Looking for a way to pull your team together? This talk brings to life the model of The Five Dysfunctions of a Team, from Patrick Lencioni’s book by the same name by. Learn how this model fundamentally changes the way teams think, and work to bring team members the valuable clarity and results that have previously evaded them. . It's a powerful model and gets teams engaged in critical conversations. In this talk, Interplay Coaching lays out the model with information on how teams can use it to their advantage.

The Five Dysfunctions are:

Trust: Does your team trust each other? Do members ask for help, do they lay bare when they’ve made a mistake, do they share their concerns, and do they help people outside of their own territory when needed? Find out about the foundational function of trust that builds every human relationship -- including in teams.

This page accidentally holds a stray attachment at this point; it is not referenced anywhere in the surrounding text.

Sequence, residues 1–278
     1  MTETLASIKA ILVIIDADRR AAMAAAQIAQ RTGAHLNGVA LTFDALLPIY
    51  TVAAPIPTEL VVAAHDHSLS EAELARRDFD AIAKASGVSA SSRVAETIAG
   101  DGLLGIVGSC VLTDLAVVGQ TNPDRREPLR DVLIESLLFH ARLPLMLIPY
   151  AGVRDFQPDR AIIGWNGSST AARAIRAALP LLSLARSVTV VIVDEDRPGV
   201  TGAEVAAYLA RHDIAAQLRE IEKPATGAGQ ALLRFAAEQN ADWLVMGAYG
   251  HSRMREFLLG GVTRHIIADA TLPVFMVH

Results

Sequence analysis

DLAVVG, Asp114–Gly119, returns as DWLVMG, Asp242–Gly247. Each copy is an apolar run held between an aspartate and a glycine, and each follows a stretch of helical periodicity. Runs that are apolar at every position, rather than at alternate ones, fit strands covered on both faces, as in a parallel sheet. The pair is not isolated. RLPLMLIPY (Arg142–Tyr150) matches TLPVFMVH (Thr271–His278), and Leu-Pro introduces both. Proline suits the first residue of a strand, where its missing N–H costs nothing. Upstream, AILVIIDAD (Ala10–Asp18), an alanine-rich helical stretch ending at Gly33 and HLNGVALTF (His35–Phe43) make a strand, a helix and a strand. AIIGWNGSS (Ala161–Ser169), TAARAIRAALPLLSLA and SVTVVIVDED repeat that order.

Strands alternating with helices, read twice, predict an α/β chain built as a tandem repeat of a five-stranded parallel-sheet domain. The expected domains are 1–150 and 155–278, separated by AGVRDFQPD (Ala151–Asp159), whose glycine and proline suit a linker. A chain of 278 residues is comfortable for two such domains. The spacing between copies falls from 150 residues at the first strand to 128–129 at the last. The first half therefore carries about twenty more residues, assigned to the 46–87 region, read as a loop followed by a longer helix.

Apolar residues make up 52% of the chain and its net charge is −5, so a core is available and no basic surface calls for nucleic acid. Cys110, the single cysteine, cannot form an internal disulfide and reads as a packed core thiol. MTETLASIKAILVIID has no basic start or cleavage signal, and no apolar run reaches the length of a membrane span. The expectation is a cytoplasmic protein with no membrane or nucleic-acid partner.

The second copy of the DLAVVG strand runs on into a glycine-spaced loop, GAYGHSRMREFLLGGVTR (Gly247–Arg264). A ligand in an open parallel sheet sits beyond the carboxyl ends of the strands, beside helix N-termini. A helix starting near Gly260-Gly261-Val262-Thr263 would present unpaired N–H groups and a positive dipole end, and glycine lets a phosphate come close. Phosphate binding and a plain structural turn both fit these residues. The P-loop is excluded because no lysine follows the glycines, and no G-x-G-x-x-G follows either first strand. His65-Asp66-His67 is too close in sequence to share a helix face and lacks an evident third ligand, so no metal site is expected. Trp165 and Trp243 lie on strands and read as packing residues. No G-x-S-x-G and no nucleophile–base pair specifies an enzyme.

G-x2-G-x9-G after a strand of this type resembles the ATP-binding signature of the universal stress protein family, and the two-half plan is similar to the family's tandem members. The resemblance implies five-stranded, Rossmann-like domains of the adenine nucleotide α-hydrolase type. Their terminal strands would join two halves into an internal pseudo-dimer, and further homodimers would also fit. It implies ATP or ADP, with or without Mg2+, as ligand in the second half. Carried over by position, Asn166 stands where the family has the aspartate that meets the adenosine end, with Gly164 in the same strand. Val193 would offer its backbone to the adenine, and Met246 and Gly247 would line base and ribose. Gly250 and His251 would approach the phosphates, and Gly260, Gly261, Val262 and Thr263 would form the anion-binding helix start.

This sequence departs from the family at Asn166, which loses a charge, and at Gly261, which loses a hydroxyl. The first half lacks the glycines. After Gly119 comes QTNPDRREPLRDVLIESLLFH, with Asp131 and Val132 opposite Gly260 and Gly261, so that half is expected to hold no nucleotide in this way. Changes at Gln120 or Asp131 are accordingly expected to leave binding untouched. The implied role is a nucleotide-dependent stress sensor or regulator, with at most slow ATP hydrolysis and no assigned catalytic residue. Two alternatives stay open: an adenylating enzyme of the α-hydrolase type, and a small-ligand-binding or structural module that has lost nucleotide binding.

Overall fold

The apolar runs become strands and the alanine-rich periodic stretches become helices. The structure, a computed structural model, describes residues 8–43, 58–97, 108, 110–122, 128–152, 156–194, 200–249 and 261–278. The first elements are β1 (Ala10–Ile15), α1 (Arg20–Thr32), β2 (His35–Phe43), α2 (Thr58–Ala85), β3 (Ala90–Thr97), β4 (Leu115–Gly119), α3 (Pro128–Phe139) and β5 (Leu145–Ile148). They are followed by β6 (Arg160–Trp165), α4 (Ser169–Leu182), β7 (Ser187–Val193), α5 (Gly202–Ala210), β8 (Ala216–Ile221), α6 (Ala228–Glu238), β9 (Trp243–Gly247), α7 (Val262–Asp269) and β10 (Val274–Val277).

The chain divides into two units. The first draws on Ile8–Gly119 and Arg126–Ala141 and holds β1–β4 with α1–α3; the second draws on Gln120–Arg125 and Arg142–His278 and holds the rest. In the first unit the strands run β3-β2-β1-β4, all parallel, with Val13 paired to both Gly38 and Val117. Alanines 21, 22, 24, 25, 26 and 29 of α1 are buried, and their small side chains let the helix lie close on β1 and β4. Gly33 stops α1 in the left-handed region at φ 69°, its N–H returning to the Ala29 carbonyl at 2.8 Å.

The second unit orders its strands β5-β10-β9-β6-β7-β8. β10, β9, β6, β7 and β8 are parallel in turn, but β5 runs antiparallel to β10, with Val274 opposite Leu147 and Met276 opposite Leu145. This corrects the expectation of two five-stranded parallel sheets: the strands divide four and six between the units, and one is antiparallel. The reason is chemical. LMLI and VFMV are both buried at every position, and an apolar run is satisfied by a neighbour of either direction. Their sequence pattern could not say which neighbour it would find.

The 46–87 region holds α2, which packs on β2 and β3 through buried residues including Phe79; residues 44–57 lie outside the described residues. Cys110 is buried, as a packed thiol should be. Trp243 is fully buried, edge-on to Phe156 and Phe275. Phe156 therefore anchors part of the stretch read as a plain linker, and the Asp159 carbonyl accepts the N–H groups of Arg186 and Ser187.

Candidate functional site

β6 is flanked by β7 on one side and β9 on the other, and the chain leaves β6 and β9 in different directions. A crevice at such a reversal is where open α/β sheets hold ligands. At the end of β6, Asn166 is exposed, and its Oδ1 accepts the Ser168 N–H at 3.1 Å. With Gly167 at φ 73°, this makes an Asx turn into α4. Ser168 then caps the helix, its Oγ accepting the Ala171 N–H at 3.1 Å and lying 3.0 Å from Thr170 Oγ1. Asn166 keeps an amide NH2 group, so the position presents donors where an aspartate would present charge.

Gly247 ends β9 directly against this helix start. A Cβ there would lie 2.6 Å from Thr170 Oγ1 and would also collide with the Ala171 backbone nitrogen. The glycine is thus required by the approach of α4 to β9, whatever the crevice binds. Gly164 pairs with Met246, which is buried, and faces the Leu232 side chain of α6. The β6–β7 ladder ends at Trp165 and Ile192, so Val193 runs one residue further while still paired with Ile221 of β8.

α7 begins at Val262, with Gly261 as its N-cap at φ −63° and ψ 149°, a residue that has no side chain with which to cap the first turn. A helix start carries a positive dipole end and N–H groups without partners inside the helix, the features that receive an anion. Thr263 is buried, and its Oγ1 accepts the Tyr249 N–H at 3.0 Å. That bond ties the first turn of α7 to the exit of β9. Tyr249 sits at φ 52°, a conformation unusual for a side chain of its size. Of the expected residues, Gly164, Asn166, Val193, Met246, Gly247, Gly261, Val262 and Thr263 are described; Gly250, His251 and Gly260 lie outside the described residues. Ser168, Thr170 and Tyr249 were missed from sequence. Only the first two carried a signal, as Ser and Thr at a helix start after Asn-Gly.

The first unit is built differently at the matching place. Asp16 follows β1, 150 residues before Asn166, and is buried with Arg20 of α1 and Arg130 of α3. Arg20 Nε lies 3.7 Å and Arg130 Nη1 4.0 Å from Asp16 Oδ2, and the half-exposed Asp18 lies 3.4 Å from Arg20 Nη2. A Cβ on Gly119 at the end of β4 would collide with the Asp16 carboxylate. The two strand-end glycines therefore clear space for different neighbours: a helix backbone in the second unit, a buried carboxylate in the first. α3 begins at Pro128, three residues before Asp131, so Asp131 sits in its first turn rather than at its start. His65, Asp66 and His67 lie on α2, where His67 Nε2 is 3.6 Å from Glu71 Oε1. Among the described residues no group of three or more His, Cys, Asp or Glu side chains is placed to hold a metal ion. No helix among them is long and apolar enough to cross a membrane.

Conflict: Do you see your team engage around various issues in a passionate dialogue where they mull ideas over and mine for positives, negatives, and unintended consequences?? How does your organization generate constructive conflict?

Commitment: How do you help develop buy-in on your team and communicate clarity of purpose? How do you create the needed commitments to get the work done in such a way that your team becomes the best competitive advantage in your chosen market?

Accountability: Are the members of your team accountable to each other for getting their work done, or do they look to their leader to impose top-down accountability? The more accomplished the teammates, the less likely they are to hold one another accountable. This workshop drills home the importance of peer-to-peer accountability.

Attention to Results: Have you noticed that there may be a few members on your team who may be looking out for their own personal gain over the success of the team? The idea behind The Five Dysfunctions of a Teamis to get the members of your team to think of themselves as a single entity being solely dedicated to achieving the goals of the team. The team gets results because they become a highly focused force.

 

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